This section should list the proposed authors/editors for the volume, with an indication of which authors will be responsible for each chapter. Although it is expected that there may be some preliminary discussion with potential contributors, obtaining firm commitments from chapter authors should only occur after acceptance of the proposal.

  7. Intended Audience
    This section should list the intended audience(s) for the product, such as school psychologists, special education teachers, counselors, etc. Give a brief rationale as to why the volume will be of particular value or interest to each of the audiences.

  8. Competitve Works
    Discuss competitive or correlated works and the degree of overlap with these published or to be published sources. If there are other comparable works, identify them specifically (publishers' prices, number of pages, dates of publication, etc.) and address their relationship to this proposal.

  9. Anticipated Development Costs
    In this section, provide reasonable estimates of the costs for developing the volume/project. In making these estimates, it is better to overestimate than underestimate. The following categories are acceptable budget items:
    1. photocopy/computer costs
    2. secretarial time
    3. travel costs
    4. postage
    5. telephone
    6. supplies, such as paper or computer disks (no equipment purchases, such as copiers, software, or computers will be approved)
    7. miscellaneous

  10. Timelines
    Indicate when each phase of the project is to be completed. In setting realistic timelines, address the following:
    1. when authors will be confirmed
    2. when first drafts of chapters are due from authors
    3. when reviewers will be selected
    4. when review of first draft is due back to the editors
    5. when first drafts are to be back to the editors after review
    6. when revisions are due back from authors
    7. when second reviews are due, if necessary
    8. when second/final revisions are due from authors
    9. when first draft of final volume/project is due
    10. when final copy is ready or available on computer disk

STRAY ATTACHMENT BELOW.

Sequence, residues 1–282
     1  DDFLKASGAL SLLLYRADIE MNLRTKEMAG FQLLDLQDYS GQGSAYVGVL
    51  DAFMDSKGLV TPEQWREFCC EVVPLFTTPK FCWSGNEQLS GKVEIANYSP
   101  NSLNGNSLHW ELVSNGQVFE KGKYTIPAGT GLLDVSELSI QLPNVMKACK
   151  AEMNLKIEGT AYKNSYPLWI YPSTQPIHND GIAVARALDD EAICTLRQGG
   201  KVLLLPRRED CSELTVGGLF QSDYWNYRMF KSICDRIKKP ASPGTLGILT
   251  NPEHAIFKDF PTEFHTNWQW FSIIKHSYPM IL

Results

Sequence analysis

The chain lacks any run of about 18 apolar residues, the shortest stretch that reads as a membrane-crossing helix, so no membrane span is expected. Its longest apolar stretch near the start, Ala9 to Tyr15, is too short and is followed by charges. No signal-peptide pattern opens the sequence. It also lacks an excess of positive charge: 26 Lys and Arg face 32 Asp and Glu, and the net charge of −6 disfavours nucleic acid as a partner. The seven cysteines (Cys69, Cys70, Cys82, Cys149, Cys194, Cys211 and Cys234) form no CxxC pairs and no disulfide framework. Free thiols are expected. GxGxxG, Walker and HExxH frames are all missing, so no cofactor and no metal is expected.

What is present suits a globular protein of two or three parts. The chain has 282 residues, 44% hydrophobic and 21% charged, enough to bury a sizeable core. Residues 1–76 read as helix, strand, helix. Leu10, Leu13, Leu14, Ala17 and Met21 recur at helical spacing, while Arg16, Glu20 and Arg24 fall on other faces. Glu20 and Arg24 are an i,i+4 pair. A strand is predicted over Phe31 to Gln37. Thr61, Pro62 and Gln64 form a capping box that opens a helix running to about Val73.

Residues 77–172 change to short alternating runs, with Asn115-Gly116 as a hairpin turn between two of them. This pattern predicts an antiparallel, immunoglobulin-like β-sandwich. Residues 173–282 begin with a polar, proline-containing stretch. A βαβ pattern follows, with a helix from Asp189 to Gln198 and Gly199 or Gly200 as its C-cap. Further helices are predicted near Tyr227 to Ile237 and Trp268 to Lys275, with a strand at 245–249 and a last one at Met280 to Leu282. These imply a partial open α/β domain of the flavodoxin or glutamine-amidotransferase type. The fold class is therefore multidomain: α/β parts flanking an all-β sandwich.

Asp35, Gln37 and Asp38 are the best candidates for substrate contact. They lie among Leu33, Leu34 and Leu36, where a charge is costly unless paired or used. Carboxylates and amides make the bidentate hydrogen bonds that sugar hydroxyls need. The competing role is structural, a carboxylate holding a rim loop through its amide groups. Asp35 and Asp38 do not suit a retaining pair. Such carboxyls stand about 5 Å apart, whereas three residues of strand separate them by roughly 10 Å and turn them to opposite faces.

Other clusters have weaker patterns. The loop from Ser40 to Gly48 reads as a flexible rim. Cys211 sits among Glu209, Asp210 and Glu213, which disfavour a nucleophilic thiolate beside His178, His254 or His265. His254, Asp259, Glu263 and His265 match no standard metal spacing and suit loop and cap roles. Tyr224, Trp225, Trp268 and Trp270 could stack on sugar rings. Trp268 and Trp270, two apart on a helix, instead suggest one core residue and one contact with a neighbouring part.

Proposal Formative Evaluation Criteria

Typing instructions: The proposal should be no more than 20 pages, typed and double spaced using APA style throughout, exclusive of cover page, abstract, and vita. Seven (7) copies of the entire proposal should be submitted. Include a running head at the top of each page and number all pages.

Criteria for selection:

  1. Overall quality of the proposed content, including organization, scope, depth, integration of topics, and appropriate balance of theory, research, and implications for practice;
  2. b. Relevance to practice issues in the delivery of school psychological services that enhance the educational and mental health needs of children and youth;
  3. Congruence with the interests and continuing education needs of school psychologists;
  4. Attention to and avoidance of overlap with previous NASP publications, with the exception of updated versions of selected titles;
  5. Potential appeal to other audiences, such as special educators, pupil service providers, and other practitioners.

Each section of the proposal will be evaluated quantitatively and qualitatively, as well as by written comments of the reviewers. Proposals may be submitted at any time, but will be evaluated twice yearly by the NASP Publications Board. If the project is accepted, a contract will be signed between NASP and the developer(s), which will include provisions for assignment of copyright and assurance of compliance with copyright laws.

NASP Publications